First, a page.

DeFi removes most of the risks associated with traditional finance due to its radically different design. Since DeFi protocols are implemented on public blockchains and the code is open source, you don’t need to worry about transparency concerns, as everyone can see the code and the amount of liquidity locked in each protocol. This doesn’t mean that DeFi is risk-free, however, but just that the risks inherent to DeFi are different from the ones in traditional finance.
Here we’ll give a succinct overview of these, which should enable you to take the necessary precautions and avoid falling prey to attacks or scams. We’ll start with the simplest risks, namely scams, and then talk about exploits and hacks.
Scams are an ever-present phenomenon online, and DeFi is no exception. The most important kind are phishing attacks, in which a scammer tricks you into giving over your private key or depositing funds into something that looks like a legitimate lending protocol or DEX. Remember, since DeFi isn’t centralized, anyone can create a blockchain address and website that looks like a legitimate protocol.
To protect against phishing attacks, always make sure that you’re visiting the correct URL and never click on links in emails from unknown addresses. Scammers can be very creative, and they will often email you saying that your funds are in danger unless you hand over your private keys. Such emails are always malicious – no one will ever ask for your private key or seed phrase unless they’re intending to steal your crypto!
Also be careful with any links that you find on social media, unless you’re 100% sure that the page is the official one of the project. Scammers often create social media pages that look identical to the official page and use them to scam people into sending them funds by promising some sort of giveaway or award.
As we have seen in the previous lesson, DeFi lending/borrowing protocols are usually overcollateralized, meaning that you need to lock up more value in collateral than the value of your loan. This is understandable due to the volatility of crypto, but keep in mind that both the collateralization ratios (the ratio between the value of the collateral and the maximum loan value) and the value of collateral assets can change, and especially the latter can crash rapidly.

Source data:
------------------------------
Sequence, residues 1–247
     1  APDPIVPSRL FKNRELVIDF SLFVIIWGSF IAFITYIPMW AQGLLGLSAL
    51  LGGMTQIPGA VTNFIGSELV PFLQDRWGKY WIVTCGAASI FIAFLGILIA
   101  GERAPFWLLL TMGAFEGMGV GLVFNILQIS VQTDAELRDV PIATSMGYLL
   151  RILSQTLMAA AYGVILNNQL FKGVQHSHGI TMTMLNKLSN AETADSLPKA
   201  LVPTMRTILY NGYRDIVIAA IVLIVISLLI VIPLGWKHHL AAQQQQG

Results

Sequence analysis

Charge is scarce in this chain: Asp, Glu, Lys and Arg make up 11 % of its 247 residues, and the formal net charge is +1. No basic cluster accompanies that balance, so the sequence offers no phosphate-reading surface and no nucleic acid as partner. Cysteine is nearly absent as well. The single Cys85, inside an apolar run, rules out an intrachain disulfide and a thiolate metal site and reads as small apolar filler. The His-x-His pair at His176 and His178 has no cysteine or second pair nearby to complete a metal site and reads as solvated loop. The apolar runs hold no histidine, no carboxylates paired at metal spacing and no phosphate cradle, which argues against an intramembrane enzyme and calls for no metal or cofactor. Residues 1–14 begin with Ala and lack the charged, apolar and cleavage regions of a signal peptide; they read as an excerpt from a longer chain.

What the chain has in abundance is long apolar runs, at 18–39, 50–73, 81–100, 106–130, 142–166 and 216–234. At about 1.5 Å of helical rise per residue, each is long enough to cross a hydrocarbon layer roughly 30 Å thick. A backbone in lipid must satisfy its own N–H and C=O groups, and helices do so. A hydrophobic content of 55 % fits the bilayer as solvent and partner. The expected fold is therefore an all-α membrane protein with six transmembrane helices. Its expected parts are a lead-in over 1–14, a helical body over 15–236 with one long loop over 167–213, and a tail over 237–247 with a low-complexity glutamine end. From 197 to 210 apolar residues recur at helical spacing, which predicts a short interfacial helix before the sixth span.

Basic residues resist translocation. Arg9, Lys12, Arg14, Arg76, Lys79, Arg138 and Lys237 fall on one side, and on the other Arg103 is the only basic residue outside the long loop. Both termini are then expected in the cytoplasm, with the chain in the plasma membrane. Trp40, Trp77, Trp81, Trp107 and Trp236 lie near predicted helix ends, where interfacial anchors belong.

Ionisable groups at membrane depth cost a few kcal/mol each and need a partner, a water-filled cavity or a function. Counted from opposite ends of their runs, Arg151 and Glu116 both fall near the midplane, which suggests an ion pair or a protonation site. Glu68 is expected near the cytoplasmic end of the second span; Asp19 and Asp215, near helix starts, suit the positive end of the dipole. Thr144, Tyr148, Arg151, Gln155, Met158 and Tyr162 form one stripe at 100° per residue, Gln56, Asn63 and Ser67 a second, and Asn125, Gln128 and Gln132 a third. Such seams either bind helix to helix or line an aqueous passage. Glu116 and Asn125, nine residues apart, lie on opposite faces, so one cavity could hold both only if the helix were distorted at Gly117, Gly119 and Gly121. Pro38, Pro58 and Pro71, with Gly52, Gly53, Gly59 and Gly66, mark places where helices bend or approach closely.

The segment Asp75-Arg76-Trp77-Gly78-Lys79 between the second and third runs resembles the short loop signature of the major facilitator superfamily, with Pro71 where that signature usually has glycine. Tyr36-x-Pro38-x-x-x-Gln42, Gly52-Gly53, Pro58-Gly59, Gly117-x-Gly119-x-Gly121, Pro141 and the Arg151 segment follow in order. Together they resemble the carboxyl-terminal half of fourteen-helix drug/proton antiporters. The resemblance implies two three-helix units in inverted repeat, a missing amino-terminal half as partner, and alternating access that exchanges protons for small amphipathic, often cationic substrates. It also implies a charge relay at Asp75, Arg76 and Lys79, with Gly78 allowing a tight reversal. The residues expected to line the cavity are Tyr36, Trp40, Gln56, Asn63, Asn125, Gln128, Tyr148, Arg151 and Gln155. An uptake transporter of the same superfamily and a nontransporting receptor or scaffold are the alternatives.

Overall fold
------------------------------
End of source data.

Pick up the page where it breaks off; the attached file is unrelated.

For example, when the price of Ethereum crashed in March 2020, a record number of loans were liquidated. To protect against this potential danger when taking out loans, you need to have enough collateral that even a rapid price crash wouldn’t lead to liquidation, which can be achieved by having multiple assets as collateral (although this isn’t yet available on all protocols). As for lending, there are fewer risks, most of which have to do with bugs or exploits in the smart contracts used by the protocol. We’ll get to these next.
While DeFi protocols are typically open source and anyone can audit the code, you can’t always be sure that someone has already gone through the trouble of doing so. It’s best to stick to the projects that have undergone thorough audits, but even then you need to keep in mind that there’s always a chance that a bug got through the checks.
One example of an exploit in DeFi was Cover, a decentralized insurance protocol. On December 28th 2020, a hacker found a bug in the code that enabled an infinite number of tokens to be minted. As the hacker used this to mint 40 quintillion tokens, the price crashed 95% in a matter of hours.
While using trusted and audited protocols can greatly reduce smart contract-related risks, it’s still a good idea to keep this in mind. As with any form of investing, never invest more than you can afford to lose. The risks on the best protocols are probably as small as the risk of a fiat monetary system collapsing (yes, this can and does happen), but they’re not completely absent. Of course, as DeFi gains more and more adoption, we can expect that there will be more and more thorough audits and the risks will become extremely small, even on newer protocols.
These are the main risks you need to be aware of, and now you should be able to keep them in mind and avoid falling prey to scams or investing your life savings into an unaudited DeFi protocol that’s been around only for a couple of days.
Always exercise caution and common sense: unless you’ve got the technical knowledge to audit the smart contracts yourself, stick to the well audited and most trusted protocols out there. On the other hand, remember that the risks of DeFi are a necessary consequence of how revolutionary and new this area of finance is.
At this stage, both risks and rewards are high – indeed, too high for most large investors – but as DeFi becomes mainstream (which we're sure it will), we will be able to keep its efficiency while removing most of the risk.